The Fundamentalism Project, which was sponsored by the American Academy of Arts and Sciences, was an international scholarly investigation of conservative religious movements throughout the world. The project, which began in 1987 and concluded in 1995, was directed by Martin E. Marty and R. Scott Appleby. The understanding of fundamentalism that framed this project was somewhat controversial. But even those scholars who have criticized the assumptions upon which the project was based admit that there is a great deal of useful empirical information to be found in publications that grew out of the project.
Fundamentalism, as it is presented in those publications, is not a purely Christian phenomenon. Rather it is a form of militant opposition to modernity that can be found in all—or at least many—of the world's great religions.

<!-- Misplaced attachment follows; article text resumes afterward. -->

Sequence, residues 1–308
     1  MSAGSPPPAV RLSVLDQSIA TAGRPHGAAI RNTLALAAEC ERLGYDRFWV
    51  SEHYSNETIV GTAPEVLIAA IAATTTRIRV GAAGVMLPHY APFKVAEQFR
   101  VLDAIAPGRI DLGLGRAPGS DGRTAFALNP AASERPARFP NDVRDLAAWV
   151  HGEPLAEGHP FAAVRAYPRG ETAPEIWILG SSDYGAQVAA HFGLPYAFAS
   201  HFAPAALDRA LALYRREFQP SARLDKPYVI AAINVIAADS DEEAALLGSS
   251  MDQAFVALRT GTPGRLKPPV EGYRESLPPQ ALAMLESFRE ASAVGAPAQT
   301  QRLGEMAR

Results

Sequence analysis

The study concluded that, regardless of the religion, fundamentalism has several commonalities:
Men are to lead and women and children follow. Wives are to be subservient to their husbands. Often, this subservience applies to sisters toward their brothers. A woman's role in life is to be a homemaker.
The rules of their religion are complex and rigid and must be followed. Therefore, to avoid any confusion, children of fundamentalists must be sequestered in an environment of like-minded adherents to the corresponding fundamentalist religion. Especially so in their schooling.
There is no pluralism. Their rules apply to everyone everywhere.
There is a distinct group of insiders and all others are outsiders. Insiders are nurtured and cared for. Outsiders are cast off and fought.
They pine for an older age and a past when their religion was pure, as largely they no longer see it as such. Often, this time never truly existed, but they have a nostalgic view of a Utopian past and they long to acquire it.